Note: This is a version of my personal newsletter, which I send out via Ghost, the open-source publishing platform. You can see other issues and sign up here.
A group of researchers announced on Wednesday that they had simulated a pair of black holes in a quantum computer and sent a message between them through a shortcut in space-time called a wormhole. Physicists described the achievement as another small step in the effort to understand the relation between gravity, which shapes the universe, and quantum mechanics, which governs the subatomic realm of particles. “This is important because what we have here in its construct and structure is a baby wormhole,” said Maria Spiropulu, a physicist at the California Institute of Technology and the leader of a consortium called Quantum Communication Channels for Fundamental Physics. “And we hope that we can make adult wormholes and toddler wormholes step-by-step.”
What it’s like to be a food writer when you can taste everything you see
Julia Skinner writes about what it’s like to write about food with synesthesia, which in her case means that everything she looks at has a taste: “Some people hear colors. Some taste sounds. A few, like me, can taste everything around us. The condition of synesthesia—experiencing one or multiple senses through another sense—offers a world informed by the intersection of our experiences rather than the boundaries between them, a world that exists between sense and sensation. In my world, I experience flavors on my palate unique to each thing I see. Here are a few of the flavors I experience: The road itself “tastes” kind of like blueberry Pop Rocks, while the light poles are almost like smooth, cool black licorice. Each building has its own flavor, some informed by the color of the facade—Argosy’s, with its dark-stained wood, is caramelly.”
A Paris museum has 18,000 skulls, but it’s reluctant to say whose
With its monumental Art Deco facade overlooking the Eiffel Tower, the Musée de l’Homme, or Museum of Mankind, is a Paris landmark. Every year, hundreds of thousands of visitors flock to this anthropology museum to experience its prehistoric skeletons and ancient statuettes. But beneath the galleries, hidden in the basement, lies a more contentious collection: 18,000 skulls that include the remains of African tribal chiefs, Cambodian rebels and Indigenous people from Oceania. Many were gathered in France’s former colonies, and the collection also includes the skulls of more than 200 Native Americans, including from the Sioux and Navajo tribes. The remains, kept in cardboard boxes stored in metal racks, form one of the world’s largest human skull collections.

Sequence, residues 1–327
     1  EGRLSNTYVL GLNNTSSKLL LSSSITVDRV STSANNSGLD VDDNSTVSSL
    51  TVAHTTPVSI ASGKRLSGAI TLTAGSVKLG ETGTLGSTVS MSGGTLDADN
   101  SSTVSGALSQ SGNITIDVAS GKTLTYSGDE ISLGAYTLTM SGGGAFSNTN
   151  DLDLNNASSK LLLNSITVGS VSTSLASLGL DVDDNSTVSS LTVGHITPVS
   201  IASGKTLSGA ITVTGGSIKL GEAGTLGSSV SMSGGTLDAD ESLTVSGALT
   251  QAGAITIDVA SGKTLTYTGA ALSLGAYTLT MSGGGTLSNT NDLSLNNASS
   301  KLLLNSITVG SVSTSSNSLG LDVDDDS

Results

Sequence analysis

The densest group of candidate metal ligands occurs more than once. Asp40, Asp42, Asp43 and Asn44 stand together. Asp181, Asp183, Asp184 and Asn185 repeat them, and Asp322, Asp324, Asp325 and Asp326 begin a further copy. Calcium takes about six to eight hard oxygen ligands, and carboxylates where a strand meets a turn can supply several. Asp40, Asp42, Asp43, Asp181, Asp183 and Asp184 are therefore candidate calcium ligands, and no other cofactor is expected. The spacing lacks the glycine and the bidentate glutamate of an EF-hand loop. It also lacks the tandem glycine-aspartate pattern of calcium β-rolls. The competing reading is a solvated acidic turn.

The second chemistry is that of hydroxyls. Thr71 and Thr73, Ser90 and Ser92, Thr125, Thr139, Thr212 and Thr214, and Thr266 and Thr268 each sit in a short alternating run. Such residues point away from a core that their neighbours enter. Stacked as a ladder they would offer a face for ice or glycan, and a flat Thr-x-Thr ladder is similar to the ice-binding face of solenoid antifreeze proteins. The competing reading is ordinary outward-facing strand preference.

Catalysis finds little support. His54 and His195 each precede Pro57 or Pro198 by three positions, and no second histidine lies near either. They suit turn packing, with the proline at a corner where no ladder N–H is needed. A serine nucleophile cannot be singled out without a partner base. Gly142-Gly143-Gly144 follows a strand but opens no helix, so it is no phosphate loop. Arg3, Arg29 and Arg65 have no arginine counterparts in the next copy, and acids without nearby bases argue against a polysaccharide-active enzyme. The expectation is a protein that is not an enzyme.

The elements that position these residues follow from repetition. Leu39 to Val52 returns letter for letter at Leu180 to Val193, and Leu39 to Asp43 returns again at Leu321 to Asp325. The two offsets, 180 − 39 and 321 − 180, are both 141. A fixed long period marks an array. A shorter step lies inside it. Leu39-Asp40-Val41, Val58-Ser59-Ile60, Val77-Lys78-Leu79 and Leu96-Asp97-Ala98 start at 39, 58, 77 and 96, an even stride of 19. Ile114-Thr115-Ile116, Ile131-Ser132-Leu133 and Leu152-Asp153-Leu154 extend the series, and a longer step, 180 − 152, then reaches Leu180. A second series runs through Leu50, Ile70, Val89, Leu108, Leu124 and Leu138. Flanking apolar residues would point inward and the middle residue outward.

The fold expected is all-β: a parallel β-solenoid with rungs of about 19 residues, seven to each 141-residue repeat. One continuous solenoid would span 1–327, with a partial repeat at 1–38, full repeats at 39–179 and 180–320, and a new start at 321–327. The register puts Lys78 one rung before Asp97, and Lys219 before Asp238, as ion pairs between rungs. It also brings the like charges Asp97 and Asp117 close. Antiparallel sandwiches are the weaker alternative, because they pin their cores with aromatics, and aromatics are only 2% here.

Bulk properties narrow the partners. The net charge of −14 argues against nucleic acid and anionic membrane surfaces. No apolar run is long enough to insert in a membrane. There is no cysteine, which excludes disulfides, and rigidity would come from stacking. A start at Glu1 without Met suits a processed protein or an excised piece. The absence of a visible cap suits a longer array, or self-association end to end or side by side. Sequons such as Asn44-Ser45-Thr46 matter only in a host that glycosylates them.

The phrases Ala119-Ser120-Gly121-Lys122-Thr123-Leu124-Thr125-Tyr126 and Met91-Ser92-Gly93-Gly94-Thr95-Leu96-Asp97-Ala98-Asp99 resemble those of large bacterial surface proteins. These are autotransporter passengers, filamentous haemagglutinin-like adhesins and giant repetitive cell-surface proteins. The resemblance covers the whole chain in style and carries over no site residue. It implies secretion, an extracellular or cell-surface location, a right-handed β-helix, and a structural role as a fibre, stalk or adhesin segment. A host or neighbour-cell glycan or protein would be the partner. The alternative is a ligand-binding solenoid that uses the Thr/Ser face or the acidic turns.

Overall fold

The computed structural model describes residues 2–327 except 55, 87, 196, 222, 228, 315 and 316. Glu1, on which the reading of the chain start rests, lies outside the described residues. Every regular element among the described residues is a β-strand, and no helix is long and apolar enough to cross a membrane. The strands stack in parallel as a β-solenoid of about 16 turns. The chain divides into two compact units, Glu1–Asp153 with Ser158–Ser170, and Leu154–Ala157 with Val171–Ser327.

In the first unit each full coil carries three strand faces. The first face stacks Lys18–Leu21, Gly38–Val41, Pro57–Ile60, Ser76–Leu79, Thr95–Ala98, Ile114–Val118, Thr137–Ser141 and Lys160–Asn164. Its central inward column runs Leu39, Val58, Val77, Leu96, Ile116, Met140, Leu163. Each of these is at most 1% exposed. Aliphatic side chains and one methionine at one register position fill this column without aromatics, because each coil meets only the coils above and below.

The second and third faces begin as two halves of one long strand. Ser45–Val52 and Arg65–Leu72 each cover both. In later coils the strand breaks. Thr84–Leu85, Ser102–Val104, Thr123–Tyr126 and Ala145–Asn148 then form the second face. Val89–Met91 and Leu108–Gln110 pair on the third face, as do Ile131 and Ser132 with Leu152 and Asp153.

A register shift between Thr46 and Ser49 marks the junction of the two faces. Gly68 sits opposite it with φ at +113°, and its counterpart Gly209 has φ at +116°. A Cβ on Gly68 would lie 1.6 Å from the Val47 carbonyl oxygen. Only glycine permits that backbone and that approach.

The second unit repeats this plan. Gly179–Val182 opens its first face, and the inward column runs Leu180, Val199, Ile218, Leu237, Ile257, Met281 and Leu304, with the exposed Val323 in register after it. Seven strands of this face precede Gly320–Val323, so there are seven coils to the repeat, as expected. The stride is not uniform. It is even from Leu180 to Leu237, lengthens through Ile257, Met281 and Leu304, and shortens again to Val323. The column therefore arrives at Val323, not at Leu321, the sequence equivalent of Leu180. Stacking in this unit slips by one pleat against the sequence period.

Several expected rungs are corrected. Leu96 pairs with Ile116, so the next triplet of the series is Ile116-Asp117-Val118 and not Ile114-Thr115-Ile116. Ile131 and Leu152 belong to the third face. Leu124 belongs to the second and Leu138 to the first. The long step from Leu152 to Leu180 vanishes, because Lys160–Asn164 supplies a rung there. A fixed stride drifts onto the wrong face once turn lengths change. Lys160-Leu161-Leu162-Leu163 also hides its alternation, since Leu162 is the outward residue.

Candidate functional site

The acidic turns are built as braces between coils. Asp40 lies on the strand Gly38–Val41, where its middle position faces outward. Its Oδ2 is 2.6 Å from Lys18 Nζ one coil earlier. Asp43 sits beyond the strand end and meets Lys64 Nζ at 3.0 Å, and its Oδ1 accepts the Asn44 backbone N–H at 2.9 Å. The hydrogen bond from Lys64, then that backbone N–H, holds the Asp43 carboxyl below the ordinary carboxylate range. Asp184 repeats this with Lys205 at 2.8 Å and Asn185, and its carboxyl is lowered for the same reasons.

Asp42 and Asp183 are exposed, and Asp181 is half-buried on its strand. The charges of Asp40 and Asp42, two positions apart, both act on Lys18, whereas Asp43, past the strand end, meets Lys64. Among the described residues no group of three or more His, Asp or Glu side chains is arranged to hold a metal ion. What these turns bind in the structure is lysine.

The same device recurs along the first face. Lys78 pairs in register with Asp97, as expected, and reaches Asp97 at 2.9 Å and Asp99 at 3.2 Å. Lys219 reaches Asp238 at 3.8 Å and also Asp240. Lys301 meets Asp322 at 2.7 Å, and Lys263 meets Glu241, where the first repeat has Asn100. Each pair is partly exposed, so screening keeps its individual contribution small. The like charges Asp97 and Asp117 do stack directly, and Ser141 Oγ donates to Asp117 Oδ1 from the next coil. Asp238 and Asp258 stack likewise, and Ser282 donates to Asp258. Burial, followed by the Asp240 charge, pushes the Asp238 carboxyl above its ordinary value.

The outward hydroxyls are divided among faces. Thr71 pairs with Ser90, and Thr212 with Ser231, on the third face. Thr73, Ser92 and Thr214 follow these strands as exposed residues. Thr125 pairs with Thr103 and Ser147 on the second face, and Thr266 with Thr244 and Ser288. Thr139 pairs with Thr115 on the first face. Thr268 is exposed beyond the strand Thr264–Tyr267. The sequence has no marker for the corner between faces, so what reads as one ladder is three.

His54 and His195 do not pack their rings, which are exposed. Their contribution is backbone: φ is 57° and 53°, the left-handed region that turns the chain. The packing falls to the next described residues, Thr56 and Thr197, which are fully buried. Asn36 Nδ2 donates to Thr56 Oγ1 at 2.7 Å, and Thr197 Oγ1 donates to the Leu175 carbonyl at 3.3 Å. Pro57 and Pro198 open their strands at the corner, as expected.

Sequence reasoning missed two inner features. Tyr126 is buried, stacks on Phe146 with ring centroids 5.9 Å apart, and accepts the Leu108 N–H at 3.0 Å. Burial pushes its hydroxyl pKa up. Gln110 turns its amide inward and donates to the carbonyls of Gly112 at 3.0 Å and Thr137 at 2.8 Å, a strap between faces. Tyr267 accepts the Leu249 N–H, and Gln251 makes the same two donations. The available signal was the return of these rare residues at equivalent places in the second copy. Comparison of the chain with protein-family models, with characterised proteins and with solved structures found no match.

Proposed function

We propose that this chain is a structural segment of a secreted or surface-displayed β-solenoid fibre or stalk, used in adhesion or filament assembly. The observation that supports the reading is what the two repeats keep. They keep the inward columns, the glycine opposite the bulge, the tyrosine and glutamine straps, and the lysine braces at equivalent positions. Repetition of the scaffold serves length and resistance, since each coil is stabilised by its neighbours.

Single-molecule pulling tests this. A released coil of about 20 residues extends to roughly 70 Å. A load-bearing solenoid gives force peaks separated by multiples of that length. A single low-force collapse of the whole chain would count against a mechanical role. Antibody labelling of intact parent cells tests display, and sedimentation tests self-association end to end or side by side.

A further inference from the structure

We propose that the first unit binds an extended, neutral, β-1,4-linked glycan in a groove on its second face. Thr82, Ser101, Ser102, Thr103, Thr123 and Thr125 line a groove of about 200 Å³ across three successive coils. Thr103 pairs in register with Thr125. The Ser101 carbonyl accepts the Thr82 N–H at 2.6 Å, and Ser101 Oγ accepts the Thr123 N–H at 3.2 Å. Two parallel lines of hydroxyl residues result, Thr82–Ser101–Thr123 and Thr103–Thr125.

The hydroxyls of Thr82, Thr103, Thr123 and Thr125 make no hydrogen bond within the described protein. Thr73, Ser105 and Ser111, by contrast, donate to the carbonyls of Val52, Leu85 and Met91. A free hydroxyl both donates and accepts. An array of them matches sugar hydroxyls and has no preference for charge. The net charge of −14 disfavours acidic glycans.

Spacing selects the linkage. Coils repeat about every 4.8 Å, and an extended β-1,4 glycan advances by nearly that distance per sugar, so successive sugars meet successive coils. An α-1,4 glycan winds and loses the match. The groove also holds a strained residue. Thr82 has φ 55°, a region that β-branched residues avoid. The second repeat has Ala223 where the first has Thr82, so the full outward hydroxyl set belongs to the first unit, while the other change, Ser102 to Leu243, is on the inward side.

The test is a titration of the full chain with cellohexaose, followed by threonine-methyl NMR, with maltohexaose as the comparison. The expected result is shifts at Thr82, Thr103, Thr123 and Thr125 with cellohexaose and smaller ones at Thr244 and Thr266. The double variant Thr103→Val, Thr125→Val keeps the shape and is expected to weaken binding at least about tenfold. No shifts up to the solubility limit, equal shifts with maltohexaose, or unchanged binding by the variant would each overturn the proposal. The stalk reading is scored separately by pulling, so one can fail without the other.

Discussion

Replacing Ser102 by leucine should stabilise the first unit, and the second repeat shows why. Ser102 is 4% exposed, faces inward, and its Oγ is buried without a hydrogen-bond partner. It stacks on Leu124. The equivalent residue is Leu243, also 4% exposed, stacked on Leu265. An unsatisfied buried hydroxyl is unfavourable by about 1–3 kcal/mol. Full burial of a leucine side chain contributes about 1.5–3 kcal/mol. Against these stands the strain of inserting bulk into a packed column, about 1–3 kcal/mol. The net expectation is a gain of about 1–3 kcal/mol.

Raymond Chandler on the detective novel and the “simple art of murder”
The detective story for a variety of reasons can seldom be promoted. It is usually about murder and hence lacks the element of uplift. Murder, which is a frustration of the individual and hence a frustration of the race, may have, and in fact has, a good deal of sociological implication. But it has been going on too long for it to be news. If the mystery novel is at all realistic (which it very seldom is) it is written in a certain spirit of detachment; otherwise nobody but a psychopath would want to write it or read it. The murder novel has also a depressing way of minding its own business, solving its own problems and answering its own questions. There is nothing left to discuss, except whether it was well enough written to be good fiction, and the people who make up the half-million sales wouldn’t know that anyway. The detection of quality in writing is difficult enough.
The invention of cheap fertilizer helped feed millions, but also led to the rise of Hitler
What is the Haber-Bosch process? It’s what keeps billions of people in the modern world from starving to death. In Hager’s phrase: it turns air into bread. It synthesizes nitrogen from the atmosphere, and combines it with hydrogen gas to form ammonia, a key component in fertilizer – but also a key component in explosives. Haber and Bosch collaborated and built a plant that churned out tons of ammonia a day. It beat out all competing processes (including one that used electric arcs through the air), and provided the world with fertilizer—cheaper and of more consistent quality than could be obtained from the salts of Chile, which were abandoned before they ran out. Haber-Bosch fed the world—but it also prolonged World War I, and later helped fuel the rise of Hitler.
Scientists figured out why lightning zig-zags
For the past 50 years, scientists around the world have debated why lightning zig-zags and how it is connected to the thunder cloud above. There hasn’t been a definitive explanation until now, with a University of South Australia plasma physicist publishing a landmark paper that solves both mysteries. Dr. John Lowke, former CSIRO scientist and now UniSA Adjunct Research Professor, says the physics of lightning has stumped the best scientific minds for decades. “There are a few textbooks on lightning, but none have explained how the zig-zags (called steps) form, why the electrically conducting column connecting the steps with the cloud remains dark, and how lightning can travel over kilometers,” Dr. Lowke says.The answer? Singlet-delta metastable oxygen molecules.